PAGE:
Dr. Alfred J. Mitchell examined Owens in his behalf during November, 1932. Inasmuch as the parties interpret the testimony of this physician differently we will deal with it at some length. The witness testified that the examination was confined to both inguinal areas, the scrotum and the prostate. The left testicle was undescended. The right one presented a hard mass involving one-half of that body. The epididymis, which is a tube of the right testicle, was hard, and this condition extended all of the way up the tube. A hypothetical question based upon the circumstances of the injury and its after-effects was propounded to the witness. He answered that there is a direct causal relation, with a reasonable degree of medical certainty, between the accident described in the question and the subsequent ill-being of the hypothetical individual, and that there would be a permanent loss of the testicle, which would cause permanent sterility. He was careful to say that he confined his opinion solely to the power of reproduction. This witness was asked point-blank by the arbitrator if he had an opinion as to the disability of Owens so far as doing manual labor was concerned. He replied that he did not have such an opinion from an objective standpoint, and that simply to remove the testicles from a man would not disable him in the sense that he could not perform heavy manual labor. In response to further interrogation the witness said that his opinion did not relate to the ability of Owens to perform work of the character he was doing but that it rested solely upon the loss of use of the right testicle.

Dr. Josiah J. Moore, pathologist and physician, a witness for Owens, testified that he examined Owens in December, 1932, and found his semen sterile; that he found a hard tumor-like mass at the bottom of the right testicle, and that in his opinion the right testicle was a total loss from a reproductive standpoint. Dr. Harry C. Rolnick, a witness for plaintiff in error, also testified practically to the same effect. Dr. S.W. Richmond Robinson, a witness for plaintiff in error, testified that Owens came to him for an examination in June, 1932. At that time witness was plant physician for plaintiff in error. His testimony contains no opinion on the question of sterility or on the question of the inability of Owens to perform manual labor because of the injury.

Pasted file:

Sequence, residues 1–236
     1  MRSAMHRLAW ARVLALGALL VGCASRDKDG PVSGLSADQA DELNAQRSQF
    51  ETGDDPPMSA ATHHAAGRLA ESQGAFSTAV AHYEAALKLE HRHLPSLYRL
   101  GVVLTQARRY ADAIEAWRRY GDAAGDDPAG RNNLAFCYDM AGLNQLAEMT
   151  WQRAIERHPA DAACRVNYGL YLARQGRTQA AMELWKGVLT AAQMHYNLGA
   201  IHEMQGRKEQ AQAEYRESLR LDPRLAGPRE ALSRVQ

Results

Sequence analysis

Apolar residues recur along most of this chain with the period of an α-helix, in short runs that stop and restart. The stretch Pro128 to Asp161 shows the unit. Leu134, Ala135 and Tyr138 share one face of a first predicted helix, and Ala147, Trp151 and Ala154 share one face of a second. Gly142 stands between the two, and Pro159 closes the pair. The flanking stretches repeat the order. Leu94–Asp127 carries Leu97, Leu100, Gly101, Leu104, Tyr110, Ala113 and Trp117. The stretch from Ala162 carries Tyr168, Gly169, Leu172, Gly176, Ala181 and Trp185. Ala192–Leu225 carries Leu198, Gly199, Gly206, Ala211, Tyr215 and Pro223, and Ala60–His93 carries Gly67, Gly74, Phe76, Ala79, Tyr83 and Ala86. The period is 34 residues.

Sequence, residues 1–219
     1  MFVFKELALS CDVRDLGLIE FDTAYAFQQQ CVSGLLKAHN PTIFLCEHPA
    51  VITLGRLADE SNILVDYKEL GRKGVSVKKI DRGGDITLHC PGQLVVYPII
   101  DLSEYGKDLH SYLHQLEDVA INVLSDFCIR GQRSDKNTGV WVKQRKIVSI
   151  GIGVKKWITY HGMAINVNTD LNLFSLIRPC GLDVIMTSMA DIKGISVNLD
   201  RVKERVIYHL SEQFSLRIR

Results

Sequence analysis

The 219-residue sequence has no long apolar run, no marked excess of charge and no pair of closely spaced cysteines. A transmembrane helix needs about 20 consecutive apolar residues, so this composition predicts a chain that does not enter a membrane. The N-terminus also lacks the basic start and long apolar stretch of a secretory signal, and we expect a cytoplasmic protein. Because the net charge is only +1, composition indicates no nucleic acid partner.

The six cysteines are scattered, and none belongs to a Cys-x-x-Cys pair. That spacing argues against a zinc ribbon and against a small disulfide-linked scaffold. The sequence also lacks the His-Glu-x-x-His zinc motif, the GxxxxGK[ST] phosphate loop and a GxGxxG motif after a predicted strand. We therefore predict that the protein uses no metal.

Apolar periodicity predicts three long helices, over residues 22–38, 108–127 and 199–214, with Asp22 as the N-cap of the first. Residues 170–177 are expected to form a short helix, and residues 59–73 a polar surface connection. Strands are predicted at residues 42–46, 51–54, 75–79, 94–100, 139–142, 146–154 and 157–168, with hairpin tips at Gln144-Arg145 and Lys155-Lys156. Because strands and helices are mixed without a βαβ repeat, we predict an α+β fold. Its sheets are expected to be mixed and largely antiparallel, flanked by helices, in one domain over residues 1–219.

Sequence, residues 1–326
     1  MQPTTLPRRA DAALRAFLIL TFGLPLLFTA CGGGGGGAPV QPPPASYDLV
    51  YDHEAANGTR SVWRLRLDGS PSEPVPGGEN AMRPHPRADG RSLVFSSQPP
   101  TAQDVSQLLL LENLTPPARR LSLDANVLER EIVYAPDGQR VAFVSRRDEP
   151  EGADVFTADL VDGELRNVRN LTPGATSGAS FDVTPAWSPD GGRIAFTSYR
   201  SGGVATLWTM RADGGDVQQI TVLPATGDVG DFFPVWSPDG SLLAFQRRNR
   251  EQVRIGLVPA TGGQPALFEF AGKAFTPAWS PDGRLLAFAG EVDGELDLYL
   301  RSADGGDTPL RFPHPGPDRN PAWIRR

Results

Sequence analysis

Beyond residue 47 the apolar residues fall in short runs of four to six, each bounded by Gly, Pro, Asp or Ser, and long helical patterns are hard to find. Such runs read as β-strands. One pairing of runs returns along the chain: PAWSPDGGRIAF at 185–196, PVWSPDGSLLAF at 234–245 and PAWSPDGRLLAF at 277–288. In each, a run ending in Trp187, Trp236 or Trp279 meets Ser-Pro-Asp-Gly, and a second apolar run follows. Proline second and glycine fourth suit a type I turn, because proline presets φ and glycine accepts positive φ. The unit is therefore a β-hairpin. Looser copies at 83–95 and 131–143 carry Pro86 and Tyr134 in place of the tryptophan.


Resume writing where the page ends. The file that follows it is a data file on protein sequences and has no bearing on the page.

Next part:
The only evidence of the physical condition of Owens after the injury, relating to his ability or inability to perform manual labor, is his own testimony. The testimony of the medical experts resulted only in expressions of opinion that Owens is sterile. Dr. Mitchell testified that the removal of testicles would not render a man unfit to perform manual labor of a heavy nature. But the opinion of Dr. Mitchell cannot be considered as evidence that Owens is capable of performing manual labor, nor can his answer to the direct query of the arbitrator concerning the ability of Owens to perform manual labor be resolved in favor of either party. The gist of his answer to the direct question is that his opinion concerned only the loss of the testicle in its reproductive aspect.